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Postby Trey » Fri May 15, 2009 3:23 pm

I too think it was a great issue( the series itself is really good ) and the last page with Chuckles vowing to take down Cobra was awesome
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Postby Antarctica » Sat May 16, 2009 12:14 am

Wow, Chuckles executed Jinx.

Unbelievable.

An execution is something no Joe has ever done before in IDW has to be praised for doing some really bold story telling.


I really liked the new Jinx character and since no character in comics ever stays dead. Bring her back.
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Postby maxgoof » Sat May 16, 2009 10:54 am

This was utter garbage, IDW! GARBAGE!!

The writing is fine until we up and kill Jinx.

Kill one of like 4 total female Joes three months into the new franchise. Thanks a lot, guys!! :evil:

Yeah, we advanced Chuckles' character, but at the expense of a potentially great character and probably the most underutilized female Joes.

If quick, throwaway deaths like this is where the IDW Joeverse is gonna go, count me out...
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Postby Ro-Dan » Sat May 16, 2009 11:17 am

You think you're angry? How do you think Chuckles must feel? 8)
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Postby Cattleprod » Sat May 16, 2009 11:23 am

maxgoof wrote:The writing is fine until we up and kill Jinx.


I really hope you're joking. Bad things happening to characters you like =/= bad writing.

If you want to read a story where no one dies, ever, a series about the ARMY probably isn't right for you.
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Postby Ro-Dan » Sat May 16, 2009 2:33 pm

Cobra is a real threat and people die. Jinx's death reinforces that this isn't the cartoon series we're reading about. It's real people thrust into extraordinary situations and sometimes things turn out for the worse. IDW has made a concerted effort to make this book gritty and realistic and so far it's working.
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Postby pandr10 » Sun May 17, 2009 6:49 pm

I was impressed as hell with this issue. It's great to see IDW take this franchise seriously, and give it a realistic view of what war is really like. Jinx is dead, deal with it. Very Jack Bauer of them! I didn't see that coming in a million years, good on ya IDW!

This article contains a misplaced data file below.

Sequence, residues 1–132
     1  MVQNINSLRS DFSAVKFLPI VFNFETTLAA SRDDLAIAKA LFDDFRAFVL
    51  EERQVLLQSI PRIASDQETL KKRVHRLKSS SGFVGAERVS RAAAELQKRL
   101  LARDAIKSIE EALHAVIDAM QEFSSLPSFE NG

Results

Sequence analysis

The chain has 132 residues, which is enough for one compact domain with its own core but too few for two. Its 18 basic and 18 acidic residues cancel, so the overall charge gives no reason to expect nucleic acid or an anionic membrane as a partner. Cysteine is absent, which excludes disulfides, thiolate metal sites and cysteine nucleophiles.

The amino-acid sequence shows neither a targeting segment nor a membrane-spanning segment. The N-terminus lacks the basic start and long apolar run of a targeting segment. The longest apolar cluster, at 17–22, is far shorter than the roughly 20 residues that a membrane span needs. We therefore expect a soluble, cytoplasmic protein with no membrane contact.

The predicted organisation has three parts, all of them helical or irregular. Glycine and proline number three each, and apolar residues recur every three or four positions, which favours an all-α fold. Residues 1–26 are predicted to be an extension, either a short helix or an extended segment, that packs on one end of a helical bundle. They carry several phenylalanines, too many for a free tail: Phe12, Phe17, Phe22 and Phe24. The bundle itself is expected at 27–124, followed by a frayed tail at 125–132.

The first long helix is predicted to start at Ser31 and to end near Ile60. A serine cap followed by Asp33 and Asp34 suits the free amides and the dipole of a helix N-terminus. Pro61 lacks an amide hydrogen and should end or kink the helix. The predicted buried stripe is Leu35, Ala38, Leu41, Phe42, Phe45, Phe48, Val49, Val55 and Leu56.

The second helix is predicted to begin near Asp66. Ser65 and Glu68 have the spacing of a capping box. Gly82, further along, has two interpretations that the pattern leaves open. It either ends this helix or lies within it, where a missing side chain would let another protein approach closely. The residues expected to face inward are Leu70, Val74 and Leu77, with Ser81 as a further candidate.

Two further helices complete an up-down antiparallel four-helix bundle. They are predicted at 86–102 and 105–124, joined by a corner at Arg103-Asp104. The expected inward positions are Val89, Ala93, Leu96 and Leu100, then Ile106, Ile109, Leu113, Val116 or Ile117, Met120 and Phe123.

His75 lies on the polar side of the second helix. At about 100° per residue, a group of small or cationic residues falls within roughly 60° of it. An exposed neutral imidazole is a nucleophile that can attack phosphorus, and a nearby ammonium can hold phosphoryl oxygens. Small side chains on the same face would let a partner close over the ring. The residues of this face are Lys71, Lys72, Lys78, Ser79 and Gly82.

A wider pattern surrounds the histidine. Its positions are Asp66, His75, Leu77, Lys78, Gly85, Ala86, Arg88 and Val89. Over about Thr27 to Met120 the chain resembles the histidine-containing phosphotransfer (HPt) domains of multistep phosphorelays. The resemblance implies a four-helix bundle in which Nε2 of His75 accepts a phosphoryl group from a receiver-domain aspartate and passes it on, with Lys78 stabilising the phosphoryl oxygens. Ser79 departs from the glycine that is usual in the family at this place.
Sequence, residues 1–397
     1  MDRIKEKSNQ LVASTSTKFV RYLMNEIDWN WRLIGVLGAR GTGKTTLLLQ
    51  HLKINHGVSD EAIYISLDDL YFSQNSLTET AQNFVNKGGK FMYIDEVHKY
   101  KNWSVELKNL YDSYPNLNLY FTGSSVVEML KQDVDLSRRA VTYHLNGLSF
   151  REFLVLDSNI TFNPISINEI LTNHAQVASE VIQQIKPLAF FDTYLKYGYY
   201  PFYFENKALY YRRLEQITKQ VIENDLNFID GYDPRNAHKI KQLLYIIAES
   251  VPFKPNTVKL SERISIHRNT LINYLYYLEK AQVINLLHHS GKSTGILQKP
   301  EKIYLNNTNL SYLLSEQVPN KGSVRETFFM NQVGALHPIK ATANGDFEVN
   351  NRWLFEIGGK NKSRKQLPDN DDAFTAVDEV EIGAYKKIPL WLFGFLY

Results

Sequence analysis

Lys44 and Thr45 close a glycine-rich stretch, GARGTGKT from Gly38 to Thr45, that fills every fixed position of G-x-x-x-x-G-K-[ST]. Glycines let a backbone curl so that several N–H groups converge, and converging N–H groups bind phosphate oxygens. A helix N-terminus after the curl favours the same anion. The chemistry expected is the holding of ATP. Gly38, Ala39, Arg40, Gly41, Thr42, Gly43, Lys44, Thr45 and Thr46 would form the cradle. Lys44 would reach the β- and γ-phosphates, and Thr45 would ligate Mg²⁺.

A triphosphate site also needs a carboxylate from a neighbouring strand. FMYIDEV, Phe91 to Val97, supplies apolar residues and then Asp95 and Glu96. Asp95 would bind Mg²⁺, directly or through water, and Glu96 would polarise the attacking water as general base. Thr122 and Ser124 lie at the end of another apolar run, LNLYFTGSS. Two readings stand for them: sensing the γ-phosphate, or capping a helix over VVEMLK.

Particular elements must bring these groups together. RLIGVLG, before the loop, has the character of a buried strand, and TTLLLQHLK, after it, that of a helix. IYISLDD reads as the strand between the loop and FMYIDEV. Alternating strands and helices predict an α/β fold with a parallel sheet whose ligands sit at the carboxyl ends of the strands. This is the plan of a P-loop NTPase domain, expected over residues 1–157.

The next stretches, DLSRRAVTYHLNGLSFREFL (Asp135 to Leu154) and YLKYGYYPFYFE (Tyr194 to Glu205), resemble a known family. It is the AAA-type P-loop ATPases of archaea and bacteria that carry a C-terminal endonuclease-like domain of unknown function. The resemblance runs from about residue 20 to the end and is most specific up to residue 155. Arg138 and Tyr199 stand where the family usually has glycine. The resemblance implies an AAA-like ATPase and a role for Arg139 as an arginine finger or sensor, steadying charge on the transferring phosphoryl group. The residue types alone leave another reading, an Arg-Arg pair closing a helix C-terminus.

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Postby temple » Mon May 18, 2009 1:26 am

Damn.

I mean Damn.

This book is a hell of a lot better than I ever could have expected. Searing, adult storyline in the Joe universe? More, please. The writing is just excellent, two parts of Chuck's monologue standing out in particular; the intro speech about not sleeping, and the lines about him training the terrorists to more efficiently kill his friends.

Go, on, read them again, imagining the monotone, soulless quality in Chuckles' voice, remembering his wisecracking in the first issue. Beautiful characterisation, and some of the best, if not the best, I've read so far this year. Kudos, Mike n' Chris, kudos.

And of course Antonio's gritty, shadowy artwork continues to compliment the story to a tee. The mostly static layouts of each panel seem to conjure up Chuck's disassociation from time, the narrative becoming dreamlike, blurring.

And the killappalooza shock at the end? Ballsy, guys. Very ballsy. I'm lucky, in a way, not to have a favourite Joe character; it's never nice to have your particular chosen one killed off, but again... Damn. That one act says more about Chuckle's fall than a hundred dead strangers could.

To be honest, I kinda thought it was coming from the first time I saw the Chaykin cover three months ago; I even imagined ways the two of them could fake the execution in sneaky Joe style, ready for a big reveal at the end. But then... well, he seems to have shot her right in the forehead; trying to think of a way to fake that and, hey, I got nothin.'

It was heading that way anyway, but Cobra is now officially the finest of the Joe titles in my mind. Now, just have to wait, junkie-like, for the last issues...